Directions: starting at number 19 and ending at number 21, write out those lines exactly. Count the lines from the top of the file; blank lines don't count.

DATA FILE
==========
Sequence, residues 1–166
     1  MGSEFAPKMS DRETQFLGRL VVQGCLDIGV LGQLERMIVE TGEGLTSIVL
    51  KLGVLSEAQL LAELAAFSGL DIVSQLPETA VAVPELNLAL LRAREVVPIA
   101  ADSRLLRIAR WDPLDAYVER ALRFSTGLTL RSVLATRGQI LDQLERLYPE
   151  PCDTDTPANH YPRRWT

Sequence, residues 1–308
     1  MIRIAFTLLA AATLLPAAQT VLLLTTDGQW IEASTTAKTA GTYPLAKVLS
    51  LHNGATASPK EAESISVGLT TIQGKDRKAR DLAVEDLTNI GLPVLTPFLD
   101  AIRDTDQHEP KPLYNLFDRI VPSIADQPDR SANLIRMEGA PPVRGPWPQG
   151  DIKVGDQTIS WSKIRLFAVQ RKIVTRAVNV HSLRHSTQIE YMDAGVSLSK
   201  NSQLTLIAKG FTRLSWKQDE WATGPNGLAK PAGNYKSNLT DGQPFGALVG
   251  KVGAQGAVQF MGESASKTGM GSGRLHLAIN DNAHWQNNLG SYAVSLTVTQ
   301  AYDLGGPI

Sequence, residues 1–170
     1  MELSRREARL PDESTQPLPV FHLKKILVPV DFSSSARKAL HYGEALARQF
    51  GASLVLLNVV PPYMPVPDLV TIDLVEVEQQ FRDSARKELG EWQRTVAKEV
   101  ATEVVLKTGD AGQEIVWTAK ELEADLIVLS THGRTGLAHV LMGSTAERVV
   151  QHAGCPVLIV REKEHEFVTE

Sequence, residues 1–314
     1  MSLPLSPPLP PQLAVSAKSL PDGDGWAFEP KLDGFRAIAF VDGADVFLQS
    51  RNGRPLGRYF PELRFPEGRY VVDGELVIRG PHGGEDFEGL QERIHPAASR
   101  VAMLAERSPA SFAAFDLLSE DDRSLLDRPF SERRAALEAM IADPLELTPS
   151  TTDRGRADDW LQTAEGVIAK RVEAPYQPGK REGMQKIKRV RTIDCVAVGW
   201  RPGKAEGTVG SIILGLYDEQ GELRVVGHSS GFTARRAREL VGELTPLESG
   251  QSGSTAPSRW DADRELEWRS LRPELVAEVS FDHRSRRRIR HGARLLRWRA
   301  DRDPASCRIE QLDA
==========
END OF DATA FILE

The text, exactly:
Sequence, residues 1–314
     1  MSLPLSPPLP PQLAVSAKSL PDGDGWAFEP KLDGFRAIAF VDGADVFLQS
    51  RNGRPLGRYF PELRFPEGRY VVDGELVIRG PHGGEDFEGL QERIHPAASR